U.S. Supreme Court: Board May Censure (But Not Censor) Board Member Speech

The U.S. Supreme Court unanimously ruled that a college board of trustees did not violate a board member’s free speech rights by censuring him and temporarily barring him from board officer positions. Houston Community College System v Wilson, Docket No. 20-804 (March 24, 2022).

David Wilson was an elected official on the Houston Community College System’s Board of Trustees. He was not, however, popular with his fellow trustees. Wilson frequently disagreed with them, criticized the board to the media, hired a private investigator to surveil another trustee’s residence, and arranged robocalls to other trustees’ constituents to publicize his opposing views. He even filed two lawsuits against the board for failing to follow its own bylaws, resulting in significant legal fees for the College.

In response, the board adopted a resolution that censured Wilson for “reprehensible” conduct, prohibited him from holding board officer positions for a calendar year, and declared him ineligible for college-related travel reimbursement. In response, Wilson amended one of his pending lawsuits against the board, adding that the board’s actions violated his First Amendment free speech rights.

The Fifth Circuit Court of Appeals dismissed Wilson’s claims involving board officer positions and travel reimbursement because they were “privileges” not protected by the First Amendment. But the Fifth Circuit refused to dismiss Wilson’s censure claim, reasoning that reprimanding a public official for speech addressing a matter of public concern was actionable under the First Amendment. The board appealed to the U.S. Supreme Court.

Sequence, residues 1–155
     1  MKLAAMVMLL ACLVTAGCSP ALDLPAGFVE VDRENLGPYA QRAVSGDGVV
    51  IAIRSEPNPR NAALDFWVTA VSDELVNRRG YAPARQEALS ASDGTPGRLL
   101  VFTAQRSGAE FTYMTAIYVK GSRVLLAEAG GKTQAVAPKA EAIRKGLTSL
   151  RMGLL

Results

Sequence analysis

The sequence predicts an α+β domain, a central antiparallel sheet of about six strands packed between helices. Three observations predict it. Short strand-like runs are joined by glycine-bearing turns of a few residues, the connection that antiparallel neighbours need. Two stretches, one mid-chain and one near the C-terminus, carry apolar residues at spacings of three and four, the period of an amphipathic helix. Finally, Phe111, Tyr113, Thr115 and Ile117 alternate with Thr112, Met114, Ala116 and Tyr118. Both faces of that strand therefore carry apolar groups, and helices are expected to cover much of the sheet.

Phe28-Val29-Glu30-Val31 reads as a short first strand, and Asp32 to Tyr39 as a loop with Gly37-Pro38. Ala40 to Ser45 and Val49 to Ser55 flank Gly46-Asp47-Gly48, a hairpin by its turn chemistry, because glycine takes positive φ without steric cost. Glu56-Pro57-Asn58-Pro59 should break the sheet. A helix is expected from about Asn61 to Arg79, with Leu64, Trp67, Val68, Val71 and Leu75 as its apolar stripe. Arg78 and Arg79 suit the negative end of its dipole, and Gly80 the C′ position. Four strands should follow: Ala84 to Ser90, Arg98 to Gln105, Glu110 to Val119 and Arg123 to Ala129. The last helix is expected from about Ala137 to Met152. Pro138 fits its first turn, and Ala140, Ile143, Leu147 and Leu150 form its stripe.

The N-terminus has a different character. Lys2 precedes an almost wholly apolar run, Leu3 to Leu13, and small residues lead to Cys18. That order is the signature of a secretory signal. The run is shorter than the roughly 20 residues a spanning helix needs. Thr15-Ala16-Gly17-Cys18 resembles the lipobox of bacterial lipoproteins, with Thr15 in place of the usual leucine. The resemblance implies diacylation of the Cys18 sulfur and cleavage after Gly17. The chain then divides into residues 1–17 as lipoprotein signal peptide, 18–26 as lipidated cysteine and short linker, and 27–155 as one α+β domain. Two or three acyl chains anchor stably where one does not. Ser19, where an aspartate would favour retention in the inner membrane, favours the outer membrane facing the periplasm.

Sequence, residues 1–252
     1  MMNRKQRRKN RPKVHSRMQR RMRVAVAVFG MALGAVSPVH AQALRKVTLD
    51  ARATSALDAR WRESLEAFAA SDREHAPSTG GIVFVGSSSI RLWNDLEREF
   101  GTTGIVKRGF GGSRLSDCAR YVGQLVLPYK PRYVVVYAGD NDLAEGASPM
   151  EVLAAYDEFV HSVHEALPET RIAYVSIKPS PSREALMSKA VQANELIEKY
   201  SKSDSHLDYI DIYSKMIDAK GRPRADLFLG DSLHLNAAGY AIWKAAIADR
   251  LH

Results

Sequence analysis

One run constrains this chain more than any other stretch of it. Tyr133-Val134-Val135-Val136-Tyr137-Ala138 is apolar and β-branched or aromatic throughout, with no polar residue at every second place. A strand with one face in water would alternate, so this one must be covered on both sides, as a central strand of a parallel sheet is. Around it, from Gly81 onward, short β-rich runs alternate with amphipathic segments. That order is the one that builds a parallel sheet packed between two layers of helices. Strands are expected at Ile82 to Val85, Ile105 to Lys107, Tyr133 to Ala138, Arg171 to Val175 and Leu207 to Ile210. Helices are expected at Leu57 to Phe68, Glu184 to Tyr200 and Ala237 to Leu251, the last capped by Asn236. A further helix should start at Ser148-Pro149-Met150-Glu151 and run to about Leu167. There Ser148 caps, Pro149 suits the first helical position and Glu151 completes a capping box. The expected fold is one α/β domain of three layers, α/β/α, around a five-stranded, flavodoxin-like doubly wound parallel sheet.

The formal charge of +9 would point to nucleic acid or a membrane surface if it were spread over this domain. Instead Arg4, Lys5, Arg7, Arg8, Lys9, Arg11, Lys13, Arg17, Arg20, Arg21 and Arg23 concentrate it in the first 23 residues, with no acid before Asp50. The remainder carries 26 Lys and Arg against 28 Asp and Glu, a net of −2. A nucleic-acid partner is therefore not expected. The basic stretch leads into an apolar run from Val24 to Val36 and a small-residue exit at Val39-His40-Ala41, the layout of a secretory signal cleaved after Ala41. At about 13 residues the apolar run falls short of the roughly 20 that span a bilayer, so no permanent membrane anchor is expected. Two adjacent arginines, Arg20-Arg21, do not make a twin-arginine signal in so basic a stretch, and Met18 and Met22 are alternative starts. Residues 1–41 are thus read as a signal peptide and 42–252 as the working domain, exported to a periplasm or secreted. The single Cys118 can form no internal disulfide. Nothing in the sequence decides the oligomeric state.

The U.S. Supreme Court reversed the Fifth Circuit’s censure-related ruling, concluding that a censure of a public official does not violate the First Amendment. The Court acknowledged that the First Amendment normally protects against prior speech restraints and retaliatory actions. But the Court highlighted the longstanding practice, dating back to colonial times and continuing in Congress, of elected bodies censuring their members.

The Court further addressed Wilson’s retaliation claim. To prevail on that claim, Wilson had to show that the board took an “adverse action” in response to his speech that “would not have been taken absent the retaliatory motive.” The Court reasoned that the censure did not prohibit Wilson from speaking on matters of government policy or from carrying out his duties as a trustee and thus he suffered no “adverse action.”

Finally, the Court considered the First Amendment rights of the board as a whole and of other individual trustees and concluded that Wilson’s speech rights could not be used “as a weapon to silence other representatives seeking to do the same.”